Of the parallel case, by which the ingenious writer has illustrated his advice, we need only say, that it does not altogether apply to the circumstances before us; and that as far as it does apply, we should give exactly the same advice in that instance, as we have given in the present. He asks, Would not a lover of good morals destroy even the most excellent work of the statuary, if it represent an act highly seductive and offensive to good manners? Were there in such a work, whatever it might represent, any thing calculated to throw light on the knowledge of the human powers, or on human nature in general, we should certainly vote for its preservation, while we should at the same time anxiously recommend, to conceal it carefully from the public inspection. It is not for the sake of their ingenuity and learning alone or chiefly, but for their utility in the study of a most extraordinary human character, that we are so tender of the productions of our Author, and that we should give our vote for the careful and indiscriminate preservation of every scrap written by the pen of Gibbon. That vigorous thinker and writer has now appeared before the critical tribunal of our brother-reviewer, as well as before our own; we have examined him by diflerent methods, though upon similar principles; we have beheld him, each of us in a distinct point of view; yet, after all our reading, thinking, and writing on the subject, it is not yet exhausted, Gibbon deserves to be still farther read, studied, and analysed,

Vol. IV, N. S,


*** Gentlemen and Publishers who have works in the press, will oblige

the Conductors of the Eclectic Review, by sending Information (post paid) of the subject, extent, and probable price of such works ;

which they may depend upon being communicated to the Public, if consistent with its plan.

Mr. Bowyer, of Pall-Mall, is preparing for publication, under the ex press patronage of His Royal Highness the Prince Regent, a splendid illustrated Work on the late brilliant Campaign of Waterloo. It will be in folio, and will correspond with the illustraied record of the memorable Campaigns of Moscow, Leipsic, and France, in the years 1812 and 1814, which are publishing at the present moment, The plates are from drawings made on the spot by a distinguished Artist, consisting of views of Waterloo, Mount St. Jean, Belle Alliance, Hougomont, -Quatre Bras, &c. &c. Also a View on a large scale of the Battle on the 18th of June, as it appeared at 7 o'clock in the evening, when the grand charge · was made on the whole of the French line. This drawing it seems has been done under the immediate inspection of *an Officer who was one of the Aid-du.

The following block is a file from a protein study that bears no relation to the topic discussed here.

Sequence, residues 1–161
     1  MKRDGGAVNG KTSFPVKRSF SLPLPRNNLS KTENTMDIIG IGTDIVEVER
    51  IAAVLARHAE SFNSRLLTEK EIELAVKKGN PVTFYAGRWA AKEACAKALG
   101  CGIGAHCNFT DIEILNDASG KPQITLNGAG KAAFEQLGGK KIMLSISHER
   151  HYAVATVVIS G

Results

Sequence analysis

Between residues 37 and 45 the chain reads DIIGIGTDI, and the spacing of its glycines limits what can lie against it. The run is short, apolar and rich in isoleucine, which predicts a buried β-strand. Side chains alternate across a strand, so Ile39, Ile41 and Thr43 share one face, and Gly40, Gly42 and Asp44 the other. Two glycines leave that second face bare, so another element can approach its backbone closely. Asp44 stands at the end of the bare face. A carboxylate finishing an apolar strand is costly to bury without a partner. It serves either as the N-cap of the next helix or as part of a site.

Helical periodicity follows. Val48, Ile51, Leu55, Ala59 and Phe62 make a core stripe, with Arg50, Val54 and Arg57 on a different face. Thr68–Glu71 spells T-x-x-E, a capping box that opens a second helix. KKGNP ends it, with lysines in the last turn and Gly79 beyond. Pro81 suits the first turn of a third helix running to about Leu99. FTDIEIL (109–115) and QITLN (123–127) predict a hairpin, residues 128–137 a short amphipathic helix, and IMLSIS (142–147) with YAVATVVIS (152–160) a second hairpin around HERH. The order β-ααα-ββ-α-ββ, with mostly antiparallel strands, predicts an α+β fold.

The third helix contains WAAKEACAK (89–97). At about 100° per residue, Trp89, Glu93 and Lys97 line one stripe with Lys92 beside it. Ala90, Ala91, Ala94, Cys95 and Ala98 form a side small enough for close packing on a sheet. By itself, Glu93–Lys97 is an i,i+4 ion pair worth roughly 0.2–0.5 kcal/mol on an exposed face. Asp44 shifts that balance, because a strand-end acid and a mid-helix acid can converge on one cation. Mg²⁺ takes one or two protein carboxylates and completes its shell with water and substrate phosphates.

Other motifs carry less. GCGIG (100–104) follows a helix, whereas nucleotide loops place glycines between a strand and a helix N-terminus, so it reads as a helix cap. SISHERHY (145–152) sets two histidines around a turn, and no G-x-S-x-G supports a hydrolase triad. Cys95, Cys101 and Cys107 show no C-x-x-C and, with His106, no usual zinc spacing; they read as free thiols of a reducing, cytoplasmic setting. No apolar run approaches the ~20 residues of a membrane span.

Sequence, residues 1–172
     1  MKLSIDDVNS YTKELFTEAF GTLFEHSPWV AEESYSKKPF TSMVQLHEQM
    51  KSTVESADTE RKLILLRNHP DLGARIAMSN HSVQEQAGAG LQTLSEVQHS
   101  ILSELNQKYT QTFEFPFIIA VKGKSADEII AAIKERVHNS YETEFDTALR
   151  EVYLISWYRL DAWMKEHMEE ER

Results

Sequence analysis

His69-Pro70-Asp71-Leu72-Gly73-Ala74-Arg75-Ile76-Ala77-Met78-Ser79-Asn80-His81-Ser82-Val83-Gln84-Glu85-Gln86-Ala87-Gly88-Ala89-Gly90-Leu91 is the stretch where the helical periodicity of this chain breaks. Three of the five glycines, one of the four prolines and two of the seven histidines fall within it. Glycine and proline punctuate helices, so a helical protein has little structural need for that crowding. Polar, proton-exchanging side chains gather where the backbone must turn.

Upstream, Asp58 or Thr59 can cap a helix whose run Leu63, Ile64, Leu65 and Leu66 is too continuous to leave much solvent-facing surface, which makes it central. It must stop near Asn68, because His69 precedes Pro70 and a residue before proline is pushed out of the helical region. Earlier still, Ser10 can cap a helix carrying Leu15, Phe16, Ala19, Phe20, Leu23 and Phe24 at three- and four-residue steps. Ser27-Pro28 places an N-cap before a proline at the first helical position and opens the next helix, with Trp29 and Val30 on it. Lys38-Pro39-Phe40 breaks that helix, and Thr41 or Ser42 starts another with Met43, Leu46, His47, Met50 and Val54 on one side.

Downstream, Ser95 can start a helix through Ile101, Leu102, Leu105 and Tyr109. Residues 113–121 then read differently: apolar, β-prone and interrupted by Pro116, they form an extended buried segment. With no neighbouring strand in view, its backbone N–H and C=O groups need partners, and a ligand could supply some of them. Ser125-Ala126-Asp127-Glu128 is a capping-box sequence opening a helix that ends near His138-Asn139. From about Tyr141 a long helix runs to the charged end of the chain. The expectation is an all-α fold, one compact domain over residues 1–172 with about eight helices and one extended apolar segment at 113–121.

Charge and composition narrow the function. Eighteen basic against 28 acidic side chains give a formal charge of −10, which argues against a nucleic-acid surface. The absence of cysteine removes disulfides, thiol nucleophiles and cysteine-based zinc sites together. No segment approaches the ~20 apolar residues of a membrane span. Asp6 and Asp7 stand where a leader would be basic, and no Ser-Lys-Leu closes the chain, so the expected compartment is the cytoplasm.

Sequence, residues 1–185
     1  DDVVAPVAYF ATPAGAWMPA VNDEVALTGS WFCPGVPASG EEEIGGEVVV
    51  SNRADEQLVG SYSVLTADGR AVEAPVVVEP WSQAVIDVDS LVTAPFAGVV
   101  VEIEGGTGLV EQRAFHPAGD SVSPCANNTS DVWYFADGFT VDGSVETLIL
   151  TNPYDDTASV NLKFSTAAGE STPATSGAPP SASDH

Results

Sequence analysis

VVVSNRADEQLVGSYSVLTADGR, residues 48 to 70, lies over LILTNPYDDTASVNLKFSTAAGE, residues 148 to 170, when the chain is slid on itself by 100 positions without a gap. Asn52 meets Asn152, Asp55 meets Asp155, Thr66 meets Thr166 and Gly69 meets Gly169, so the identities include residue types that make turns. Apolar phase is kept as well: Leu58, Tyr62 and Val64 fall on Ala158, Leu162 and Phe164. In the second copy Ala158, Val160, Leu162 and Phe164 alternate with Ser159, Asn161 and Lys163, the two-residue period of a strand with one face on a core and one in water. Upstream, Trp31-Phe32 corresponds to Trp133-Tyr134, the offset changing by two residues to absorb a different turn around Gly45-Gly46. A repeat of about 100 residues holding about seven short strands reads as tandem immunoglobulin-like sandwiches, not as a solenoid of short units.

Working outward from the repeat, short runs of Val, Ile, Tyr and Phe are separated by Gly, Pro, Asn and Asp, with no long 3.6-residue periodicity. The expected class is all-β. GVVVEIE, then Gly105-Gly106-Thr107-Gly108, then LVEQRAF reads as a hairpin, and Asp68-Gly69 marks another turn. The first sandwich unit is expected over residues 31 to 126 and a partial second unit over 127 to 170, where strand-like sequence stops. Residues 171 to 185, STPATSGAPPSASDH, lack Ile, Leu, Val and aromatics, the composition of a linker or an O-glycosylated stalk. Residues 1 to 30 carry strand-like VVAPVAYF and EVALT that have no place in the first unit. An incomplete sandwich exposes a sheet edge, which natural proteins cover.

Camps to the Most Noble the Marquis of Anglesey. Mr, Bowyer professes to have spared neither pains nor expence to produce for posterity a permanent memorial of British valour, generosity, and fortitude.

In the course of next month will be *published, Part I. of an Historical Account of the Battle of Waterloo, by Mr. Mudford ; accompanied with a series of splendid Engravings, (twenty in number,) illustrative of the country between Brussels and Waterloo. The work will be printed in super-royal quarto, a od hot.pressed. The Drawings from which the Plates are taken were all made upon the spot. There will be a Map also, earefully laid down from actual survey, and exhibiting the exact positions of the different corps and diGisions of the allied armies. Tho work will be completed in Four Parts.

The future parts of the new Edie tion of Sir William Dugdale's Mopasticon. will be conducted by John Caley, Esq. Keeper of the Augmen tation Records, Henry Ellis, Esq. Keep of the MSS. in the British